You will probably know how good are your eggs because it can also happen that you vitrify your eggs, they look beautiful, but you have to be aware that 15% of the population have fertility problems. What if you are within these 15%, very likely you will find out about it until the moment comes to using the eggs. This is why when I talk to my patients, I always say, please keep in mind that even if you have a lot of eggs, we cannot guarantee a 100% success rates because that’s almost impossible in biological science.

The problems can happen in between, and obviously, the more you are advanced in your fertility journey, the more information you will have. So vitrifying embryos is more reassuring in a way that you will have more information, but from a practical point of view at the end of the process you will get to the same point, but you will know it before.

There’s also another implication especially if the patient is in a relationship, they usually tend to vitrify the embryos using the sperm of the partner and then there is also very important implication because while the eggs strictly belong to the patient, the embryos belong to the couple so both partners, so for whatever reason the patient’s they Split, it can happen that even though they have embryos, they cannot use them in the future because they need the permission of the partner to do so. Unfortunately, in my experience when couples want to get permission to get the embryo back is quite difficult.

Authors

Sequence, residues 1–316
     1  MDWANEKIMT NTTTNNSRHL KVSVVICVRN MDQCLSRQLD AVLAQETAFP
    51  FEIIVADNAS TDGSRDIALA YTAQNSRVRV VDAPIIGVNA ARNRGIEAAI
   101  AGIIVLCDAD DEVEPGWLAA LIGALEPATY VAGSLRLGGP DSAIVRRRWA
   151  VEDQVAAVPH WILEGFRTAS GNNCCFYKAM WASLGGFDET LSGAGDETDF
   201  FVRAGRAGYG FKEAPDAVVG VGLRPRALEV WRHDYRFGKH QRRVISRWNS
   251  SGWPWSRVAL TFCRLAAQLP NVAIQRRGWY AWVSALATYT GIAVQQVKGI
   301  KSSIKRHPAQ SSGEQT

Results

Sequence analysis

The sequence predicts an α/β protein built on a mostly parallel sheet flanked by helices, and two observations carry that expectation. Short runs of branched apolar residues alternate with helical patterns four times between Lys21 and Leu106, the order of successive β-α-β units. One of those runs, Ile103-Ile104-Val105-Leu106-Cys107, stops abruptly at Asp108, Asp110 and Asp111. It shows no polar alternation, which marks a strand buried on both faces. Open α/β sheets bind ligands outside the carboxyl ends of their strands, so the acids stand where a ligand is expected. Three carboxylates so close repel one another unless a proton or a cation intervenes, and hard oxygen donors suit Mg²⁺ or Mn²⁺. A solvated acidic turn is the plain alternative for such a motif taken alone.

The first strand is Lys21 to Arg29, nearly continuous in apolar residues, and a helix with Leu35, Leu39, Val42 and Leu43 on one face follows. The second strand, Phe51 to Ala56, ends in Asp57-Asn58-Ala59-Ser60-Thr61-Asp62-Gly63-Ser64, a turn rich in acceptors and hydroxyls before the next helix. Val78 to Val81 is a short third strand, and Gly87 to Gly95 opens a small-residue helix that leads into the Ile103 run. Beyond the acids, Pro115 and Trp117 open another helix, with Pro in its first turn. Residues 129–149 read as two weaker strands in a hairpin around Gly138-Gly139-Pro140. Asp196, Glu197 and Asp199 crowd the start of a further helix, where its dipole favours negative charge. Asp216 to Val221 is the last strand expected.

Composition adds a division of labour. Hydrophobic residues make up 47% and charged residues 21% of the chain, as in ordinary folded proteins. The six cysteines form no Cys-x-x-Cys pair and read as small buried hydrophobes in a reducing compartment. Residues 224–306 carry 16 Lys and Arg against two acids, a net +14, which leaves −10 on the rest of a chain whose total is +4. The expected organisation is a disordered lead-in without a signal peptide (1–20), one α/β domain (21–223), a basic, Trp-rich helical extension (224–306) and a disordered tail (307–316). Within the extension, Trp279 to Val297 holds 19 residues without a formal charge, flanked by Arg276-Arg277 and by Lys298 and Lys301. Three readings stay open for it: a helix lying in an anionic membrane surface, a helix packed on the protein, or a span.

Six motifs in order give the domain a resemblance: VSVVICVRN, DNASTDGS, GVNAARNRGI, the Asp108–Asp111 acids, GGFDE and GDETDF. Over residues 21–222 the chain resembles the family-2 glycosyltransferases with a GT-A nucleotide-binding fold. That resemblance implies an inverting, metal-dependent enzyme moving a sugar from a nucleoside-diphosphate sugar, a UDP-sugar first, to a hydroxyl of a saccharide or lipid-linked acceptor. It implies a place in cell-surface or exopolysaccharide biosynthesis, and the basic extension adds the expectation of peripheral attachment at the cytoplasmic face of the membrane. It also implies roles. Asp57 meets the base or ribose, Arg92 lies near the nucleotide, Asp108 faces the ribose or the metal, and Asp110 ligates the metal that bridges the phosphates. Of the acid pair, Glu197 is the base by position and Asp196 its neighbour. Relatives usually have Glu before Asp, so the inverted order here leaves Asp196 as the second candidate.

César Díaz García, MD PhD Assoc Prof

César Díaz García, MD PhD Assoc Prof

César Díaz, MD PhD Assoc Prof, is a Medical Director at IVI Clinic, London, UK. He has completed his medical training in Spain and Sweden. Dr. Díaz is Board certified in Endoscopic Surgery (ESHRE). From 2009, he joined the Swedish program of uterus transplantation and was a part of the first team to obtain a live birth from uterus transplantation in 2012. In 2013, Dr. Diaz returned to Valencia and led the Valencian Program for Fertility Preservation, which is one of the most internationally recognised programs of fertility preservation for oncological patients. He was also part of La Fe University IVF program, the largest Spanish public IVF program, performing more than 2000 IVF cycles/year. He combined his medical duties in the field of fertility with his surgical activities at La Fe University Hospital within the fertility surgery unit and gynae-oncology units for national referral centres. His main research interests are ovarian rejuvenation, fertility preservation, with a special interest in ovarian cortex transplantation, uterus transplantation and poor response in IVF. Within his fields of interest, he obtained numerous awards, several grants from the Spanish Ministry of Health and the Valencian Health Agency as well as from different private institutions. He is a former Associate Editor of Human Reproduction (2013-2016), and he has published more than 100 peer-reviewed scientific papers and book chapters.
Event Moderator
Caroline Kulczycka

Caroline Kulczycka

Caroline Kulczycka is an International Patient Coordinator who has been supporting IVF patients for over 2 years. Always eager to help and provide comprehensive information based on her thorough knowledge and experience whether you are just starting or are in the middle of your IVF journey. She’s a customer care specialist with +10 years of experience, worked also in the tourism industry, and dealt with international customers on a daily basis, including working abroad. When she’s not taking care of her customers and patients, you’ll find her traveling, biking, learning new things, or spending time outdoors.